ARTICLE -SHE CANT GIVE ME ALL THE ATTENTION LIKE SHE USED TO: MOTHER SPENDS MORE TIME WITH FAKE BABY DOLL THAN HER OWN DAUGHTER
'She can't give me all the attention like she used to': Mother spends more time with £250 'baby' doll than her own daughter
By Daily Mail Reporter
6th December 2011
Ashleigh Kirby looks like any other proud mother pushing a pram through her local park. But the 'son' she keeps wrapped up to ward off the cold is actually an incredibly lifelike doll. The 36-year-old, from Andover in Hampshire, also takes Finlay shopping, regularly changes his nappies and has spent hundreds of pounds on clothes for the £250 'Reborn' she bought online.
She has the doll - made to replicate a new-born - sleeping in a cot in her bedroom, where she keeps Finlay's tiny clothes in a specially-bought wardrobe. Ashleigh, who already has a 12-year daughter Becky, bought the doll six months ago after splitting up with her partner made her fear she would never have children again. She is now planning to 'expand' her family, with another doll to keep the first company, which she is planning to call Summer. Ashleigh said she thought about adopting after separating from her partner but was 'too lazy'.
She added: 'I always thought something was missing in my life and, when I saw the babies, immediately I knew what it was. 'The dolls are a substitute for me. I am very maternal. I bought Finlay six months ago for £250 from a lady I found online. 'Half of my bedroom is taken up by his cot and I also have a pram, a car seat and a wardrobe of clothes. 'He wears a nappy which I change - although not as regularly as you would a real baby. 'I'd have liked to have met another man and had a brood of kids, but life didn't work out like that.
'I considered adoption, but I'm too lazy to go through the process. Real children are hard work - you worry all the time. With Finlay, it's cuddle time all the time.' Ashleigh, who separated from Becky's father when she was just five, was desperate to add to her family but was worried about finding the right man.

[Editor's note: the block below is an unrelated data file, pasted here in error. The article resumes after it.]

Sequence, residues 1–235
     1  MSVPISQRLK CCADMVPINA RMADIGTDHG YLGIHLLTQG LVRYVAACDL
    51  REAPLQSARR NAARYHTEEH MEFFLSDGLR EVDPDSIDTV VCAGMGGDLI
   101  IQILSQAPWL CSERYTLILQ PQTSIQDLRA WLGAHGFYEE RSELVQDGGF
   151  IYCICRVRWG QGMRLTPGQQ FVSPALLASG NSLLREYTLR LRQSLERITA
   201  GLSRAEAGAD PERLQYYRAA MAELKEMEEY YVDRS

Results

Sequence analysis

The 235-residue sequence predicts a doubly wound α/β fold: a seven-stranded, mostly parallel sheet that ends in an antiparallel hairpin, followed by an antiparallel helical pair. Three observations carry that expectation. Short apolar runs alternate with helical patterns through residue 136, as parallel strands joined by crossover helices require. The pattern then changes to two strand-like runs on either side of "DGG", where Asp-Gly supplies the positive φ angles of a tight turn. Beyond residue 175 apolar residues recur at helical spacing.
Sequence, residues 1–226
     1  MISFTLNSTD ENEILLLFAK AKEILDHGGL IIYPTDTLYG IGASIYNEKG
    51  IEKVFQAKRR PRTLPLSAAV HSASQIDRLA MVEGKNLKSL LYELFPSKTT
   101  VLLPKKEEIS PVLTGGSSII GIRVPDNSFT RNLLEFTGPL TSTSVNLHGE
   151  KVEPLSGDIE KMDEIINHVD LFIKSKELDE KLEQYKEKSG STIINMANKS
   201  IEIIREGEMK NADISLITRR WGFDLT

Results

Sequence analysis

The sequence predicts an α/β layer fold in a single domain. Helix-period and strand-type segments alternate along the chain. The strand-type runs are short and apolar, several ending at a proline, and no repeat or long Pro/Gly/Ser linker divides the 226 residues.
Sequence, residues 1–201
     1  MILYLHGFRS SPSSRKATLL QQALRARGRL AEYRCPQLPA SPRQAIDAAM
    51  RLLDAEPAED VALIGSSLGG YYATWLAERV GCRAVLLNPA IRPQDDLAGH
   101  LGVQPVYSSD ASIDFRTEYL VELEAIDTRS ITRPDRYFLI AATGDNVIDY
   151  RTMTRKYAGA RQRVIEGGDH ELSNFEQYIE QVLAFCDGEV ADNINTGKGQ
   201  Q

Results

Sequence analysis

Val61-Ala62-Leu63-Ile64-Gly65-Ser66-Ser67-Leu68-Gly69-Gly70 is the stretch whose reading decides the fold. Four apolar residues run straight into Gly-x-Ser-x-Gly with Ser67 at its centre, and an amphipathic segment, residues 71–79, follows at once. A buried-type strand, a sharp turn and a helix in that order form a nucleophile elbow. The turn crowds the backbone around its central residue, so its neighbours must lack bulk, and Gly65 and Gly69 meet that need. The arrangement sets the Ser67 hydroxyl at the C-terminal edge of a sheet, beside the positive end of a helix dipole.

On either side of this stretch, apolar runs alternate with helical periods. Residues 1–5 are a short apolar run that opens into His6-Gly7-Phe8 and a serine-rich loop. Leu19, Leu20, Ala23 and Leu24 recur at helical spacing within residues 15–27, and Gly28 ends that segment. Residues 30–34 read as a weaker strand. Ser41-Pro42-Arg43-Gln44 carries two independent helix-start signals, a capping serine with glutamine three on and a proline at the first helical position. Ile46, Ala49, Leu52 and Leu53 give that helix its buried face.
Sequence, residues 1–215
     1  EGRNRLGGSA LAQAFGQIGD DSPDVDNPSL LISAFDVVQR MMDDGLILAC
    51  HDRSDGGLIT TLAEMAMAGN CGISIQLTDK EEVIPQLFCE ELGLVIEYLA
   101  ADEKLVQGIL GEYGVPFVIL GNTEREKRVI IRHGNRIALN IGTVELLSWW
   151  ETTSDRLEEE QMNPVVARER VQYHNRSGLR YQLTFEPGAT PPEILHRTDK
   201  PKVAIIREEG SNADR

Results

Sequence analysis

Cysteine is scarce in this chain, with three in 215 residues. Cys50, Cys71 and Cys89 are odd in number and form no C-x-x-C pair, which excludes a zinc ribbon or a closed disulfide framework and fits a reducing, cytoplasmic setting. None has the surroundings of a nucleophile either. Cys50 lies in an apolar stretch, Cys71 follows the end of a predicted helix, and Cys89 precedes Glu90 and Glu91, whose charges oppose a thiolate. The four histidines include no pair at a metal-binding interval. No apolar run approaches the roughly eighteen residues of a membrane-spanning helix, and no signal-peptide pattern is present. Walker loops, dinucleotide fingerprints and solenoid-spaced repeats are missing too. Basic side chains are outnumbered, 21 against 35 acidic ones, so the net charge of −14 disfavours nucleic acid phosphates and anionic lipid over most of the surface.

She took the drastic step of buying the incredibly lifelike doll - called 'reborns' - after watching a documentary. Unemployed Ashleigh - who claims £13,000 a year in benefits - spent months painstakingly researching and designing the perfect doll. The dolls take four weeks to make and arrive in plastic kits of a head and four limbs - like Airfix models. The body is weighted with glass beads or steel shots to make it feel as life-like as possible. Each hair is meticulously added individually to the baby's head and eyelids, which can take 40 hours to complete. he dolls are then painted with veins and then layer upon layer of paint to build up the skin tones to give it a realistic look before being placed in a kiln to set. Each 'reborn' has fingernails, milk spots, flaky skin and downy baby hair, and can weigh up to 9lbs. Ashleigh spent months worrying about minute details such as Finlay's red new-born skin tones and mousy blond hair. And now she walks alongside other mothers in her local park, where people regularly approach her and coo over her baby boy, assuming he's real. She added: 'Sometimes I just play along with it. Looking at Finlay for the first time, there was a stronger bond than I had with Becky. 'There was an immediate rush of love. With Becky, I was so tired after the birth I didn't feel as close to her.' Becky admits she has hidden her 'brother' from classmates and says she finds her mum's obsession 'weird'.
She said: 'I find it creepy - I don't really understand it. I don't think mum prefers Finlay, but she can't give me all the attention like she used to.' Ashleigh is now 'expecting' another baby - a three-month-old girl she will call Summer, who will also cost £250. She said: 'I can't wait to have a baby girl in the flat. I wanted a slightly older baby as Finlay is very much new born. 'Summer will have long blond hair, I have seen pictures and she looks gorgeous. 'As she is a girl I am sure she will be spoilt with lots of new clothes.' Artist Yvonne Walters, 56, who makes the dolls in Newquay, Cornwall said she is regularly contacted by people wanting to use them as a substitute for real babies and even to replace dead ones.
She said: 'Some people find having the dolls therapeutic while others send pictures of babies that mean something to them. I can generally make one that's similar.
'I've been approached by women who have lost babies and want a doll to remember them by.' Yvonne, who also runs a guest house in Newquay, sells the dolls for thousands at a time and makes them by placing them in the oven, which acts as a kiln. She added: 'I don't understand it myself but if people take solace in them then that's OK as far as I'm concerned. The aim for me is to make them come alive.'